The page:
Senioritis is a real thing.
Seniors begin to feel it the winter of their junior year, to hear them tell it. Having taught seniors for so many years, I know that February, March, and especially April, are the hardest months to pull them through.
By about March, I have to have a real “come to Jesus” moment with them about the work quality that I am receiving. I was up most of the night thinking about how I needed to do that with this group. Today, it was the cat in the sunlight. Here is my story.
I was feeling frustrated, and I didn't know where to begin, so I did what I always do. I took the scenic route.
“You know how a cat will seek out any sliver of sunlight to lie in? Do you know any cats who are content with just the sliver?” Many of them raised their hands to say that yes, in fact, their cats are content with that tiny bit of space of sunlight.
“Well, my cat has been sick recently, and so I’ve been observing her at great length, and here is what I know about her. She is never content with just a sliver of sunlight. She wants the full deal. She doesn’t want just the inch, she wants the whole mile.”
I paced a bit to make sure everyone was included, and I saw some of them glazing over, maybe thinking about their own cat, maybe imagining my cat, but probably imagining lunch, instead.
“So my cat will go for the inch, but she digs at the curtains until she can get into the windowsill. She will pull those layers of curtains down if she needs to in order to get to the sunlight.”
“Yeah, so?” I can see them wondering what the heck I mean, and what am I getting at, anyway?
So I told them.
“You see, guys, it’s only March. You aren’t done yet. You can’t be done yet. You can’t just stop because you are tired, or you’ve been at it since August, or there is so much to read and you don’t want to, or because you just want to be a little kid again, or you just want to be an adult already, or whatever it is that is going on in your head. You have to keep giving a little more.
“I chose this text because I admire and respect this author, and he worked so hard to bring you this beautiful story. I think that for you to sit there and give it just a piecemeal and scattered bit of attention isn’t fair to this story or to this author.” (We were reading “Killings” by Andre Dubus, which is pronounced, dyuh-buse) “This story takes an ordinary man and an ordinary family—your family, your sister, your brother, YOU, maybe, and makes these normal people do horrible and horrifying things. That is the brilliance of Dubus.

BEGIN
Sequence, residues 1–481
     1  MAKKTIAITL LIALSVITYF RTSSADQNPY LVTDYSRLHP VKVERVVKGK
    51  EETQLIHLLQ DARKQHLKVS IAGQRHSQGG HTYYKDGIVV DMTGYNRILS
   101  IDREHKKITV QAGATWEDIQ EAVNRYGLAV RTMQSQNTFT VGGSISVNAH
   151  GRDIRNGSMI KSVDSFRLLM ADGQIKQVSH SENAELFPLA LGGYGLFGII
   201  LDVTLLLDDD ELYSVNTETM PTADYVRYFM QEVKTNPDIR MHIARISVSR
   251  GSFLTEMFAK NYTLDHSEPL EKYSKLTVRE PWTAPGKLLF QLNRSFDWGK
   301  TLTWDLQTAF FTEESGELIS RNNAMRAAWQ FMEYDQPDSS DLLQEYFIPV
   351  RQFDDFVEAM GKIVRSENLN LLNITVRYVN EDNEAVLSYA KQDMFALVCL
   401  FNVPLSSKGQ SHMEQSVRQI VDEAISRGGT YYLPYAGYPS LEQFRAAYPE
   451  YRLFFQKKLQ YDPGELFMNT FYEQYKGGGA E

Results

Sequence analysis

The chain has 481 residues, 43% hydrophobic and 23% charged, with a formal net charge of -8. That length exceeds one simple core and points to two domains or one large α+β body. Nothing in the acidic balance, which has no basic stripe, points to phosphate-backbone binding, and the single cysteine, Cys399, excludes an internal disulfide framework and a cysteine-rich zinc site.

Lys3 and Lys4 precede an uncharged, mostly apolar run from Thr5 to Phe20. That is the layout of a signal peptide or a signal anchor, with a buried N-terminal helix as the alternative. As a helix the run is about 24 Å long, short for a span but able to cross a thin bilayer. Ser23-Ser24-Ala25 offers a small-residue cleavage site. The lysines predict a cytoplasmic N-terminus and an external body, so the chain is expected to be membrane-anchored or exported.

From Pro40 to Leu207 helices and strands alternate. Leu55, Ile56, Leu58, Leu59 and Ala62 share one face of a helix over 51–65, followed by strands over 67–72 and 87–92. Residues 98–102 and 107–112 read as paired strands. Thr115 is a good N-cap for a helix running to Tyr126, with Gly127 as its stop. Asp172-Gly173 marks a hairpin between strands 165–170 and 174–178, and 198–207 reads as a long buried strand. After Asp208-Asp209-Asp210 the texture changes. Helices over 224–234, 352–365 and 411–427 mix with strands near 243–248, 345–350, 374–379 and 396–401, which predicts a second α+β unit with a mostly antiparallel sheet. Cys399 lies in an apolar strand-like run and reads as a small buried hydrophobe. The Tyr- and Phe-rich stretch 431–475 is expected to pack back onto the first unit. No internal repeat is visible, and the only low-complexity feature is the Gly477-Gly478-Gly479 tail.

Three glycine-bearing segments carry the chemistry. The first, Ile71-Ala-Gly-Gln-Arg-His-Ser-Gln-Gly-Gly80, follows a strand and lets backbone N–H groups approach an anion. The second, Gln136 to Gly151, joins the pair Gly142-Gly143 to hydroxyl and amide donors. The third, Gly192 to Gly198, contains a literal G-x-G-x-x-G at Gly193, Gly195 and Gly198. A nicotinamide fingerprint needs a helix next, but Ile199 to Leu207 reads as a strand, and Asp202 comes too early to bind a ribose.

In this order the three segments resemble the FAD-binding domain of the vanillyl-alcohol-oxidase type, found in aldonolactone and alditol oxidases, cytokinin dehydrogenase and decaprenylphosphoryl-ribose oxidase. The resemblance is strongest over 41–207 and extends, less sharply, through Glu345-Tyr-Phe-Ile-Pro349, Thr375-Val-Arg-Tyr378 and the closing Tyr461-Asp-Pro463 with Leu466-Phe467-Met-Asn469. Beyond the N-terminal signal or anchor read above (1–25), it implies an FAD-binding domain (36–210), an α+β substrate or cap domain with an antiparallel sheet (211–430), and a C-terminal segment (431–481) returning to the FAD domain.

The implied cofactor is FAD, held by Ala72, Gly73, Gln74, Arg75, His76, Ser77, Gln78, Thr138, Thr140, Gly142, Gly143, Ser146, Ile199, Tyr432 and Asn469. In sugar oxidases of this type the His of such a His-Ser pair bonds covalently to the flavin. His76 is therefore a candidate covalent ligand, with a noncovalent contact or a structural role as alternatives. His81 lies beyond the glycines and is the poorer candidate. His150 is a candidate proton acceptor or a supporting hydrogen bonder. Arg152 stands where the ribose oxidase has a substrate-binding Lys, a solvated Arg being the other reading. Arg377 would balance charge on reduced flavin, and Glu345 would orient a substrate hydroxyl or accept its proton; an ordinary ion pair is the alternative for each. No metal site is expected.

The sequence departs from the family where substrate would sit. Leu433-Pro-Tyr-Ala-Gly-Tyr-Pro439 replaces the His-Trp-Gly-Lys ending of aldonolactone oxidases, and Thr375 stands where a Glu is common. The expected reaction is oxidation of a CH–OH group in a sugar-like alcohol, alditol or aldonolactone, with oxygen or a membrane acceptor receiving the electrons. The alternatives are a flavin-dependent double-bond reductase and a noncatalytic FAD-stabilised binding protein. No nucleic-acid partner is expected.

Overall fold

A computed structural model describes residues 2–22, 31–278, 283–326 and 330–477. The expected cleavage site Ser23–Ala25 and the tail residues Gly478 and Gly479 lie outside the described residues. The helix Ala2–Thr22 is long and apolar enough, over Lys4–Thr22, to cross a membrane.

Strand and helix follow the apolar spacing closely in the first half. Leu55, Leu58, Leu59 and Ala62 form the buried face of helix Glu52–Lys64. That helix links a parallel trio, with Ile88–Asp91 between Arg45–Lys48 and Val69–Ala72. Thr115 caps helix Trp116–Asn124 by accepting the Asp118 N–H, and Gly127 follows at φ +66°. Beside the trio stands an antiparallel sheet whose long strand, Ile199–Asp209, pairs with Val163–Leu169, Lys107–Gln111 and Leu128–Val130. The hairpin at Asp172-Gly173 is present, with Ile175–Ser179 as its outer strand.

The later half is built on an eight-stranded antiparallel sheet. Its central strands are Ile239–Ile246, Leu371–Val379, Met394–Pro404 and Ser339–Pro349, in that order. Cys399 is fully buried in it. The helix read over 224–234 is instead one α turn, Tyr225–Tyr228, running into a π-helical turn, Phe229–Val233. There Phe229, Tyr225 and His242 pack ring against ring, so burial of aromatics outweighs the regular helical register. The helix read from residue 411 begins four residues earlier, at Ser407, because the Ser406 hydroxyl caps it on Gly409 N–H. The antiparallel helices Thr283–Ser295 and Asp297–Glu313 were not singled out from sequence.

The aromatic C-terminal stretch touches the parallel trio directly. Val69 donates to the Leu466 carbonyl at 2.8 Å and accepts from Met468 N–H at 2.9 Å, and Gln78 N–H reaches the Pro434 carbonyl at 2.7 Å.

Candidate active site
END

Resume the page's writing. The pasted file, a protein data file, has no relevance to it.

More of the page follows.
“I know I am passionate about this. I know that I care about the story, the author, the brilliance and absolute beauty of the storytelling. I mean, he wrote a line that says, ‘he shuddered with a sob that he kept silent in his heart.’ And that is absolute genius. How many of you have ever felt that?”
They kind of responded, some nodded, some looked up at me, others looked down at their hands on the table, or at their book, or at each other. To admit to feeling that kind of grief and pain is difficult for many 17 and 18 year olds to share.
“So anyway, when I think about this story, and I think about my cat and her desire for the sunlight, I know that I want to be like her. You should want to be like her. You should not let this story rest until it washes over you and fills you so that you can see what Dubus has done to you as a reader and as a thinker, as a citizen, in fact. Dubus is so brilliant that he has taken a normal man and a crime of passion and a premeditated murder and made it seem as if it could happen to you and it could happen in your living room. Be like my cat and dig in, guys, redeem yourselves. Be an active participant in your own learning, and don’t settle for just a simple answer. Don’t settle for the sliver of sunlight.”
Now let’s get started.
And that was how it went. I’d like to say it resulted in miracles, but I can definitely say that it did stoke some of the embers that some of the kids have been allowing to die out. I heard from several of them later in the day to say that it stayed with them. It reminded them that they were beginning to shut down, and that they needed to find a way to get it back.
Brittany told me that she appreciated that I didn’t yell at them, but I made them want to re-engage. Or she did, at any rate. Sofia felt the same. Sofia appreciated the imagery of the story and decided that she wanted to be like the cat too.
That speech was for the kids, but I think it may also have partly been for me too. If I cheerlead for them, it inspires me to work harder to give them the last few weeks of energy too. If I demand it of them, I must demand it of myself.
Thanks for reading.
Wanted: a good set of sentences to grab you from the depths of the internet. I keep trying to catch your eye.